5 “W” Questions and Customer Success: How to Break from the Surface Problem to the Core

October 31, 2016

Burke Alder

Customer Success Strategist

burke-alder-clientsuccess-problem-solving-customer-success

As a customer success manager (CSM), you have a lot on your plate. Each day, you’re tasked with growing customer accounts, introducing new products and services to your contacts, building relationships, solving problems, and connecting dots across an organization. It’s easy to get caught up in the here and now and lose sight of the bigger picture. When problems arise – and they do often – it can be difficult to step away and discover the core problem. Here is a simple process you can follow to arrive at the core problem and quickly devise a strong. We call it the 5 “W’s”.

“W” Questions to Arrive Find the Core Problem

When you were in elementary school, you learned about the 5 “W” questions, including: Who, What, When, Where, Why? These simple one question words could be used to dig deeper into any situation, allowing you to evaluate the problem from all sides.

In fact as a child, you likely recall being asked these questions when a problem arose by teachers, your parents, or other supervisors. At the time, it probably felt like you were being interrogated. “Who were you with?” “Why did that happen?” “Where did you go?”

Asking Questions is Imperative to Finding a Solution

Even though you probably disliked being asked those questions as a child, the 5 “W’s” can teach us a lot about evaluating situations – whether positive or negative – from all sides to really dig into the root of the negative situation.

As a CSM, asking questions is an imperative skill to learn. And not just questions of your customer, but questions about the situation in general. Below are the 5 “W”, reframed as questions to ask to break from the surface problem to the core:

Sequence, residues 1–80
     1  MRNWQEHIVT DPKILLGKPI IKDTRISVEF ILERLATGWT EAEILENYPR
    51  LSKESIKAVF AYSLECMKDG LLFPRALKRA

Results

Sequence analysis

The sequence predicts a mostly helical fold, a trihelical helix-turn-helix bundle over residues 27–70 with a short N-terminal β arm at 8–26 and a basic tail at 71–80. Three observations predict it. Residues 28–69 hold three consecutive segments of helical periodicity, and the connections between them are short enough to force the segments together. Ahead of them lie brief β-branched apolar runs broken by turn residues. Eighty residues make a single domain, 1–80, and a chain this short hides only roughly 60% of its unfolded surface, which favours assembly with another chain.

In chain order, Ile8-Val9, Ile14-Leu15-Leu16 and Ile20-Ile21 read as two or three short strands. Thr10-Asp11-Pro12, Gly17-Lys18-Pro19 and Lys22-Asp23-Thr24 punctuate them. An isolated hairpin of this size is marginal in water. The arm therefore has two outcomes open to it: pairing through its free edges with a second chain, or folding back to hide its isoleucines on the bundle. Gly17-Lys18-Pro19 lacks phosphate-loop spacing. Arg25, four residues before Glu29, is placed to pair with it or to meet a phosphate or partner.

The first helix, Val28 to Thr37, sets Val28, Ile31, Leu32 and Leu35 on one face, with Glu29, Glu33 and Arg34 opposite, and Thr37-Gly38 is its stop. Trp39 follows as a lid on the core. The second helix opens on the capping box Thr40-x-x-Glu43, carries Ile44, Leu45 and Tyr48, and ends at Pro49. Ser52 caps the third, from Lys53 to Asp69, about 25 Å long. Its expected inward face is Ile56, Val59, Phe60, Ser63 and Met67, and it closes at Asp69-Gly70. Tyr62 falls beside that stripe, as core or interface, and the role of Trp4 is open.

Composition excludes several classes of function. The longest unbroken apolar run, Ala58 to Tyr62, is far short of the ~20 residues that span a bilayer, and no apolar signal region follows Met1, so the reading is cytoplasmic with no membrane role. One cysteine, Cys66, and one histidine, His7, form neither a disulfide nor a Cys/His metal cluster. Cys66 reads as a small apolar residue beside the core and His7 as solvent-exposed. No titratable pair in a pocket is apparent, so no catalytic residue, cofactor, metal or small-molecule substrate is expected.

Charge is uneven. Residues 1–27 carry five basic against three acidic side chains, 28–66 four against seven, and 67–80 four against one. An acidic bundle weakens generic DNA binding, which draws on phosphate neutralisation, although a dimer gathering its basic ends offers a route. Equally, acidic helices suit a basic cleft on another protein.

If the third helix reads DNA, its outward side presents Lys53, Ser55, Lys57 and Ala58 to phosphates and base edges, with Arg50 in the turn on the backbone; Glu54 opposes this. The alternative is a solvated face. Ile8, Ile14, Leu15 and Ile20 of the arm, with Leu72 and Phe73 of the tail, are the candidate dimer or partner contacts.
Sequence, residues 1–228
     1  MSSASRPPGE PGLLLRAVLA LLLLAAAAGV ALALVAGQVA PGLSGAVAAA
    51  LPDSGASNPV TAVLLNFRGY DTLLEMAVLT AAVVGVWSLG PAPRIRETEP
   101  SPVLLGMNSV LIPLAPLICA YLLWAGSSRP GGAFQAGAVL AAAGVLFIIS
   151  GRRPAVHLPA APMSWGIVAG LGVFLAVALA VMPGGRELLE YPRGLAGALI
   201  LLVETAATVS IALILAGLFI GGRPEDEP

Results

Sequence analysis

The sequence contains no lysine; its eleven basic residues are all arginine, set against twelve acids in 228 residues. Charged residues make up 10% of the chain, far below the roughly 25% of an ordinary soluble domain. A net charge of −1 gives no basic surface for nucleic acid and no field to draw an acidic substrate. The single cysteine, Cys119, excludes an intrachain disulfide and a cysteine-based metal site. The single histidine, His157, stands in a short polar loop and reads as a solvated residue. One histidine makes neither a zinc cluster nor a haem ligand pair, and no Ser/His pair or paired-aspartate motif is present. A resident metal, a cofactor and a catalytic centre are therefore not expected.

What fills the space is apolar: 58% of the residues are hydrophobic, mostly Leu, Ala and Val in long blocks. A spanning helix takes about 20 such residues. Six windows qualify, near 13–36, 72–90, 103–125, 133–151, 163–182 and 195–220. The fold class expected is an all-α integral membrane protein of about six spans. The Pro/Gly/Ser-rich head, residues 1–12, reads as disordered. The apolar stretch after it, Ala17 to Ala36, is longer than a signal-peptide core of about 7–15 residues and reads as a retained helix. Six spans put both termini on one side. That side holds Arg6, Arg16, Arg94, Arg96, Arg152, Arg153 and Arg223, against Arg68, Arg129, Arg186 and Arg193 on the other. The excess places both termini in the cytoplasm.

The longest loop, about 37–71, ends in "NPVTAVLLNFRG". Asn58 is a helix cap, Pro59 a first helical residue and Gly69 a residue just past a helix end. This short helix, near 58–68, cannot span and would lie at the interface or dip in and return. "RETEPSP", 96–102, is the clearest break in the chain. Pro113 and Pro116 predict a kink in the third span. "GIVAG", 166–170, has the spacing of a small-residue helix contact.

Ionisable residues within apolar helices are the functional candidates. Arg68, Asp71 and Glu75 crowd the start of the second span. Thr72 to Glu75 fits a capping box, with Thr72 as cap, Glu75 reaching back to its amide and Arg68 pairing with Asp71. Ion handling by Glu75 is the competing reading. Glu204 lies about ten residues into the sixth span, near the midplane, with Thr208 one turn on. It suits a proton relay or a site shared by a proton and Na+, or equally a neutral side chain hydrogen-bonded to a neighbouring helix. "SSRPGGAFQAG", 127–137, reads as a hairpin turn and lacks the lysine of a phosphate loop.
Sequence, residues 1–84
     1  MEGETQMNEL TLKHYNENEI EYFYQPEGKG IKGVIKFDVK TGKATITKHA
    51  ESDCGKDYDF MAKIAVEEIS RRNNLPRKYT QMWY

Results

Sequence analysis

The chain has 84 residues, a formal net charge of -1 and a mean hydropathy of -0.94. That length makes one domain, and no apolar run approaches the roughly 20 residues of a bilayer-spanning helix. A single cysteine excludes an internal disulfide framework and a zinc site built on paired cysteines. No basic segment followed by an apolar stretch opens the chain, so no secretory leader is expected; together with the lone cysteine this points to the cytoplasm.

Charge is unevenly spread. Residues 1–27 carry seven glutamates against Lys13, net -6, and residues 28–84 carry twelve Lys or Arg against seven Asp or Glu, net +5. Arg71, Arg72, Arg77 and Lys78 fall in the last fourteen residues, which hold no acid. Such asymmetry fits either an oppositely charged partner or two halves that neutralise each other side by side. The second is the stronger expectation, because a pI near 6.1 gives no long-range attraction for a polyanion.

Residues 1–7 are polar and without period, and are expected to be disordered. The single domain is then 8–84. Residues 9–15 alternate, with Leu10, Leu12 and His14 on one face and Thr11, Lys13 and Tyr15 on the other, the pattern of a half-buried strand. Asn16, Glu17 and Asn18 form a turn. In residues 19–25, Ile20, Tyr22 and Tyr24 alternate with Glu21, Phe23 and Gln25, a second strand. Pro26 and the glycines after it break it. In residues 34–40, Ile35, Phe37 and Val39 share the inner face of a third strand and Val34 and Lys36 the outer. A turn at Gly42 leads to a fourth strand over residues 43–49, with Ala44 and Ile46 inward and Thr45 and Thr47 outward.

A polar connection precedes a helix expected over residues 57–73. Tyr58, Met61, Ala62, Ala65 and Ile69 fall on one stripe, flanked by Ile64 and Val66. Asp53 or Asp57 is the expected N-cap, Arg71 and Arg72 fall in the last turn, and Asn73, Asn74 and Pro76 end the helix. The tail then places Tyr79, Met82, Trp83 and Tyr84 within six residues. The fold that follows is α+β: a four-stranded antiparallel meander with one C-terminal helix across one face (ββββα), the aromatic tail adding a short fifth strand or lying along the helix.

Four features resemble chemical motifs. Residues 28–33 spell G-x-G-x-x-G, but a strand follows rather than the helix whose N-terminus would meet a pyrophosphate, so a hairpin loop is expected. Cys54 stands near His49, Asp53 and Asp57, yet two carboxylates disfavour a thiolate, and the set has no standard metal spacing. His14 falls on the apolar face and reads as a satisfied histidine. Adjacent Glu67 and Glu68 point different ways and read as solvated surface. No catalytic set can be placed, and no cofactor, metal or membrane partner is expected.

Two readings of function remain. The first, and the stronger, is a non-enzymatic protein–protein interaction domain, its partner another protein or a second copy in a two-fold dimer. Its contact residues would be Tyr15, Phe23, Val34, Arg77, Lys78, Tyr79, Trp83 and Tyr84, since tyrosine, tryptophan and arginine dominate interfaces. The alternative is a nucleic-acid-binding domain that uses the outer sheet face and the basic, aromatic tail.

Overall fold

5 “W” Questions to Consider and Customer Success

1. Why

Why did it happen in the first place? Were there specific causes?

Why did the situation escalate into a problem in the first place? While the question may seem elementary, it’s important to start here – at the beginning. From your vantage point as a CSM, you have good insight into the people, the processes, and the surroundings of what may have led to the situation.

Is there anything that happened that may have triggered it, such as a product failure, an incorrect invoice, an unfulfilled commitment, or an argument? If anyone else internally was involved in the situation, be sure to ask for their perspective as well. Sometimes piecing an accurate puzzle together takes several different viewpoints.

2. What

What happened in order to cause the situation? Has it happened in the past?

Similar to asking why the situation happened in the first place, it’s important to ask what happened. What exactly is the situation you are digging in to? What were the key events that took place in order to escalate the situation? Equally important to ask is whether or not this is the first time the problem has occurred.

Perhaps your organization is going through a tough spot with a product or a service and several other similar situations have occurred with other customers or even within the same account. If so, compare the situations and determine if the problems are identical or if there are key differences. If the problem continues to arise across other customers or the same customer repeatedly, be sure that a manager or executive is aware of the problems, and offer a suggested solution.

3. Who

Who was involved in the situation? Is someone involved that shouldn’t be?